Of course the New York Giants hired Dave Gettleman as their new general manager.
Once they announced that former GM Ernie Accorsi would be leading the search after the firing of Jerry Reese in early December, Gettleman getting the job has always been the expected outcome.
Gettleman and Accorsi both joined the Giants organization in the same year, 1998. Accorsi recommended Reese over Gettleman for the Giants GM job in 2007, but had enough respect for Gettleman that he helped him land the Carolina Panthers’ GM gig in 2013.
It can’t be a surprise to anyone that Accorsi would push Gettleman for the Giants job the second time around. Or that co-owners John Mara and Steve Tisch, having seen their franchise deteriorate into a dysfunctional, embarrassing mess reminiscent (if not worse) than the Wilderness Years of the late 1960 and ‘70s, would turn to someone they trust to try to clean it up.
The choice is understandable
The hiring of Gettleman won’t be universally loved by Giants fans. In our early poll results, 21 percent of voters have given the selection an ‘A’ grade. Fifteen percent have scored it a ‘D’ or ‘F.’ There is still time to vote. Please do.
The hiring, though, is absolutely as understandable as it was predictable.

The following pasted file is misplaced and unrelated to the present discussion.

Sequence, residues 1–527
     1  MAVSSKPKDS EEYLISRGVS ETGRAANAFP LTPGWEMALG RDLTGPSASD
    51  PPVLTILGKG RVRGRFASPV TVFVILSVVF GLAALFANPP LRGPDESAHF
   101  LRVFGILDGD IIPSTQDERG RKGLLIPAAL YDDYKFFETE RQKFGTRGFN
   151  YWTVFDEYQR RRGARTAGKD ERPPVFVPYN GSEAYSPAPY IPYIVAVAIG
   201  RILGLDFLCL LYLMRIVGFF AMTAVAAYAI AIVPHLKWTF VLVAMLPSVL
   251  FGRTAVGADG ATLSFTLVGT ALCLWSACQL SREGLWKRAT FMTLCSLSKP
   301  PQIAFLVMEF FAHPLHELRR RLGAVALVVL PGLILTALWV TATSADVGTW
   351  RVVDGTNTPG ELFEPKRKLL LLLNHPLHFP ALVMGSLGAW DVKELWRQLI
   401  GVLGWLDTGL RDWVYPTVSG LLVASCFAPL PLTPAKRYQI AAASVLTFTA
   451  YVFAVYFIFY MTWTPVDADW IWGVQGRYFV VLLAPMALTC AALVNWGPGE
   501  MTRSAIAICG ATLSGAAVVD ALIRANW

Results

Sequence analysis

The Giants are in crisis. They have a fractured locker room with a group of individualistic players who have no clue what “Giants Pride” is. They need to hire a coach — the right coach, this time. They have a deteriorated roster that needs to be rebuilt. They need to make a franchise-shaping quarterback decision.
When the Giants pushed Tom Coughlin out the door, choosing Reese instead, they gave the coaching job to Ben McAdoo. A first-timer and an outsider. That blew up in the organization’s face. A brilliant defensive effort the Giants couldn’t repeat in 2017 saved McAdoo in 2016. His shortcomings were fully exposed this season.
The Giants, quite obviously, were in no mood to again gamble their future on someone they didn’t know. They chose, as expected, the devil they knew over the devil they didn’t know.
I get it if you’re disappointed
It’s easy to say this won’t bring about the “wholesale changes” John Mara talked about when he fired Reese and coach Ben McAdoo. Gettleman was employed by the Giants for 15 years, so he is a trusted part of the family. He knows the Mara and Tisch families. He knows most of the scouting staff. He knows many of the secretaries and other employees around the Giants’ facility.
He is, really, a Giant.
Is that really a bad thing? I might argue that part of what has been lost in recent years is what it is to be a Giant. He knows the Giants place in the NFL. He knows the expectations. He has been part of three Giants’ Super Bowl teams, and a fourth in Carolina. He knows what “Giants Pride” is.
The job of the next general manager is to restore it. Knowing what it is, and how the organization went about establishing it, can’t be a bad thing.